Call Service

Wikis > Call Service

Functional Description

The call service allows users to discover and communicate with each other. It acts as an introductory service based on identities as opposed to IP addresses and can broker direct peer-to-peer connections between devices.

Caller Id

The advantage of IP addresses / ports are that they uniquely identify a device, however with identities, it isn’t clear which device should receive the call. This is because a user may be signed into a multiple devices at the same time. In addition, not every device is capable of real-time video chat.  This leads to three options:

  1. Signal every device the user is signed into (Google Hangouts approach)
  2. The layout context restricts the video chat DMApp component to a single capable device
  3. The user nominates a device within the layout context to be used for real-time comms

A final possibility is that the user nominates one device for video/audio comms and allows the video to be rendered on other devices. The option chosen will depend on the quality of the resulting user experience and the capabilities of the devices in the home and is subject to user testing. The call-server must therefore maintain a flexible approach by mapping between a single call identifier and many devices.


Taking option 3 as an example, the user has signed into a number of client devices and must nominate one of them to be advertised via the call service. This could be achieved when the client device creates a secure web socket connection with the call service, passing a session access token via a cookie. The token would be used to identify the caller via a request to the session service. Connection attempts from other devices or applications will result in an error response indicating that only one device per user may be registered with the call service.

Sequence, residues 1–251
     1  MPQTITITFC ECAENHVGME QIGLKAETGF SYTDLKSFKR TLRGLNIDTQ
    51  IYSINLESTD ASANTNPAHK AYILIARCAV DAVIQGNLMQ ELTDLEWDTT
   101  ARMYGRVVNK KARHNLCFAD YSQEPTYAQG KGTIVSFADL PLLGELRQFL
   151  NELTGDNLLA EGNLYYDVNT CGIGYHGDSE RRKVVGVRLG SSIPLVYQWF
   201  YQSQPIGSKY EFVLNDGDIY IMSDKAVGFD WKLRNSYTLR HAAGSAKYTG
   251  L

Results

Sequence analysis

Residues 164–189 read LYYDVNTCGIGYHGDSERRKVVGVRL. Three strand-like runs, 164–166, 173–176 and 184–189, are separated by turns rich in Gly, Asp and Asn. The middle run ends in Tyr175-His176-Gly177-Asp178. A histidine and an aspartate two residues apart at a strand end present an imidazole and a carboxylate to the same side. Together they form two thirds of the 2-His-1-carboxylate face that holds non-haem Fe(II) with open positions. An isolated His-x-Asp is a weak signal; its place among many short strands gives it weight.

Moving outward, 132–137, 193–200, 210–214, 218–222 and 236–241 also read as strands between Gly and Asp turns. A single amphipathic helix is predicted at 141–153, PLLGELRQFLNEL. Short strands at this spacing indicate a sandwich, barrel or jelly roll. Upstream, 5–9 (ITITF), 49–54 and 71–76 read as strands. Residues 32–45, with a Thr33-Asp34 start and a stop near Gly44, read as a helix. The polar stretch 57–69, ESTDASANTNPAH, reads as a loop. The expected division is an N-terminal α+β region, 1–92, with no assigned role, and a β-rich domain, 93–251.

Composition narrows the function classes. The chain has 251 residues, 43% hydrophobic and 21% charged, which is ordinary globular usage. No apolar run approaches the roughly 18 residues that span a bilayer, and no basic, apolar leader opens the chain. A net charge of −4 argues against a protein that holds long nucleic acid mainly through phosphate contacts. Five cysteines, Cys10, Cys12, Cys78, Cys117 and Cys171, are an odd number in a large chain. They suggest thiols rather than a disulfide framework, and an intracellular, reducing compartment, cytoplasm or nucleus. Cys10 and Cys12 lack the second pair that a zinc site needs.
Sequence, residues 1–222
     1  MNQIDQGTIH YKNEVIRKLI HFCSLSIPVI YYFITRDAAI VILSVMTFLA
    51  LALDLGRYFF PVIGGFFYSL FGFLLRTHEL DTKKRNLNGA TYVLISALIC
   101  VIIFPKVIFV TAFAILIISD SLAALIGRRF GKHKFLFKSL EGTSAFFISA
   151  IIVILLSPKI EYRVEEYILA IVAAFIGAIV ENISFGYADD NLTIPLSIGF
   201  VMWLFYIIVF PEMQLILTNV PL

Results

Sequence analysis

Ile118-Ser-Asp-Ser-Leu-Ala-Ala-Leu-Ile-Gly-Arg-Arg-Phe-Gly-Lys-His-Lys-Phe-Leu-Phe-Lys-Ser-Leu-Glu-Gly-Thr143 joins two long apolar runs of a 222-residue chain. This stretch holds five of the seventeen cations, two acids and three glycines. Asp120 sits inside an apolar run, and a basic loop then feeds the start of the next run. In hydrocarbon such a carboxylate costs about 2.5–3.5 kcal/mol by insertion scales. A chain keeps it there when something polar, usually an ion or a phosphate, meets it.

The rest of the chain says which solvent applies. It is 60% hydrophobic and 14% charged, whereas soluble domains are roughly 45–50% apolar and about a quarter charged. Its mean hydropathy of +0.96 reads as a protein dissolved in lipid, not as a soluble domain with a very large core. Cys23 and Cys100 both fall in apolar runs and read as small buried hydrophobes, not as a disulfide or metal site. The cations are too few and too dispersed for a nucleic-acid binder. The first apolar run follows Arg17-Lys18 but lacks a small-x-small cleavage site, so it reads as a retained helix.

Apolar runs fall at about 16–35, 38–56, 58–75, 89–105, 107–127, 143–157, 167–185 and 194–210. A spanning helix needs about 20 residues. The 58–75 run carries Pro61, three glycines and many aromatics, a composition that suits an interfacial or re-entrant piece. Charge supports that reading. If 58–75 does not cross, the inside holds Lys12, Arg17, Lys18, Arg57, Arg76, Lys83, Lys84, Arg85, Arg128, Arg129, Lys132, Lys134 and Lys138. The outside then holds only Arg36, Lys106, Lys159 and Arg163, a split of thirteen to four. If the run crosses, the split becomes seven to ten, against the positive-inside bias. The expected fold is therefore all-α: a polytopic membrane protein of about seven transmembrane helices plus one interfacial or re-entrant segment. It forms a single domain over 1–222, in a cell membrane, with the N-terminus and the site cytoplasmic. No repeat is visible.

The call service implements signalling for WebRTC applications via web sockets and XHR. Signalling allows initiation of peer-to-peer communication sessions by exchanging control messages that initialise or close communication and report errors. Clients can use the call service’s signalling mechanism to exchange ICE candidates obtained separately from STUN/TURN servers. ICE candidates are the public IP addresses and ports that clients should use to communicate with each other and are the result of establishing NAT punch-through or relay. Signalling is also used to negotiate codecs, video resolutions and communication protocols via Session Description Protocol (SDP). Transport type can also be negotiated as reliable (TCP-like) or unreliable (UDP-like).